President Trump has announced that the United States officially recognizes Jerusalem as Israel’s capital, while putting into motion the steps required to relocate the U.S. embassy from Tel Aviv to Jerusalem. The president missed the Monday deadline for signing a six-month waiver to a law requiring such relocation and is said to have directed his aides to begin planning for the move. President Trump informed Palestinian President Mahmoud Abbas, Jordan’s King Abdullah, Israeli Prime Minister Benjamin Netanyahu, Egyptian President Abdel-Fattah al-Sisi and Saudi King Salman of his plans. The reaction from the Palestinians as well as Arab and Muslim leaders in the region was predictably fierce.
Turkish President Recep Tayyip Erdogan said President Trump’s plan to declare Jerusalem the capital of Israel is a “red line” for Muslims, which could cause Turkey to break off diplomatic relations with Israel. Jordan, normally an American ally, is coordinating the convening of an emergency meeting of the Arab League and the Organization of Islamic Cooperation to “discuss ways of dealing with the consequences of such a decision that raised alarm and concern,” a senior Jordanian diplomatic source told Reuters. Jordan’s foreign minister, Ayman Safadi, warned Secretary of State Rex Tillerson that such a decision could “trigger anger across the Arab and Muslim world, fuel tension and jeopardize peace efforts,” according to Jordan’s state news agency.
Abbas warned of “dangerous consequences.” This could include, according to Abbas’s diplomatic adviser, the end of contacts between the Palestinian leadership and the U.S. Last week, Abbas’s office issued a statement declaring that “East Jerusalem is the key to war and peace and any solution must guarantee East Jerusalem as the capital of the Palestinian state.”
Palestinian leaders have called for “days of rage” in the streets to follow President Trump’s announcement of any changes to the status of Jerusalem they consider inimical to the Palestinians’ claim to East Jerusalem as the capital of an independent Palestinian state. The anger they and other Arab and Muslim leaders incite is likely to lead to violence, not only within the West Bank, Gaza and Israel itself, but throughout the Middle East and beyond. U.S. embassies and consulates will be likely targets, with blame for any deaths or injuries no doubt wrongly placed on President Trump rather than on the perpetrators and inciters of the violence where it belongs.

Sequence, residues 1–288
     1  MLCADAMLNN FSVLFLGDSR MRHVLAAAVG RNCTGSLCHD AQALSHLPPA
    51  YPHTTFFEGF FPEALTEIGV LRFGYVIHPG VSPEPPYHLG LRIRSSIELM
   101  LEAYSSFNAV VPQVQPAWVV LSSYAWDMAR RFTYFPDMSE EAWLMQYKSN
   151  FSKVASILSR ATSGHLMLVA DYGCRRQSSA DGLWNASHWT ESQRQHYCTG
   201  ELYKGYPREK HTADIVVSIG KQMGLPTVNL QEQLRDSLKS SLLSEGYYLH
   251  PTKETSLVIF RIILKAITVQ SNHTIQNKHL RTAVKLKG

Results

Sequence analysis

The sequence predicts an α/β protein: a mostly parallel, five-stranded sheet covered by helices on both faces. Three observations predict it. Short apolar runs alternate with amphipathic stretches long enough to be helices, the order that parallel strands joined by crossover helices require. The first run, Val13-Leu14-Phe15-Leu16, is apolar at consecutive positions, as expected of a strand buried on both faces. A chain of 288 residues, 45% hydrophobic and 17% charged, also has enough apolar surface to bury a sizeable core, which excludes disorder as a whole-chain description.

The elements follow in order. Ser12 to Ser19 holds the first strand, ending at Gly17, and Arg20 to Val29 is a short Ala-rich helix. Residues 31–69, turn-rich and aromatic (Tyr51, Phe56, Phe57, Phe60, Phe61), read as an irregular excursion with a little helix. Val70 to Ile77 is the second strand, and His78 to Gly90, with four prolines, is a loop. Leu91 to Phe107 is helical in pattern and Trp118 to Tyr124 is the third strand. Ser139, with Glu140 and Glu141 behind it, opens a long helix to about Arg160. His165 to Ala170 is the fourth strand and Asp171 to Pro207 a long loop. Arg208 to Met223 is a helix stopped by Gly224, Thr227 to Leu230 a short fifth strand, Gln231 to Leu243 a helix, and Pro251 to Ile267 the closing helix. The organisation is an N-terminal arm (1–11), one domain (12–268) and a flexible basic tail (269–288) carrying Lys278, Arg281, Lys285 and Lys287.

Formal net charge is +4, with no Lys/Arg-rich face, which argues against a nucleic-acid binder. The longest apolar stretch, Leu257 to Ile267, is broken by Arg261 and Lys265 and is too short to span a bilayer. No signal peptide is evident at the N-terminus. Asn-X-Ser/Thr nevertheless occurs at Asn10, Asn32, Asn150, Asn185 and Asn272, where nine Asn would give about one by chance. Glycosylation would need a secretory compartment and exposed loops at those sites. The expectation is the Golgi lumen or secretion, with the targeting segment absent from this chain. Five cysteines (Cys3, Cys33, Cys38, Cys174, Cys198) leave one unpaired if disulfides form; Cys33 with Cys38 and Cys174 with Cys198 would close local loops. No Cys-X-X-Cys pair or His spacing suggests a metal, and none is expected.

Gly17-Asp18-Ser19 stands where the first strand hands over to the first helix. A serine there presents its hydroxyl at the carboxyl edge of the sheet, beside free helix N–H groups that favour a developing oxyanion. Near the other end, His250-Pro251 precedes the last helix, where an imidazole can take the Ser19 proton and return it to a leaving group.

French President Emmanuel Macron has also expressed his opposition to President Trump’s plan to recognize Jerusalem as Israel’s capital. He conveyed “his concern with the possibility that the United States might unilaterally recognize Jerusalem as capital of the State of Israel,” in a phone conversation with President Trump, according to a statement issued by the French government. “Mr. Macron reaffirmed that the status of Jerusalem must be resolved through peace negotiations between Israelis and Palestinians.”
The French government is falling back on the standard talking point, repeated over and over again by French and other world leaders, that the status of Jerusalem must be resolved as a final status issue in direct negotiations between Israel and Palestinians. Yet France, and much of the so-called “international community,” have vigorously supported United Nations resolutions claiming that East Jerusalem is “occupied Palestinian territory,” as opposed to characterizing it as “disputed territory” subject to direct negotiations between the parties. UN Security Council Resolution 2334’s declaration that any “settlements” in East Jerusalem are illegal would effectively invalidate any residences constructed by Israelis there since June 1967, as well as prohibit the building or expansion of residences, even in the Jewish Quarter in the Old City of Jerusalem. France supported this resolution, which all but accedes to Abbas’s demand that “any solution must guarantee East Jerusalem as the capital of the Palestinian state.”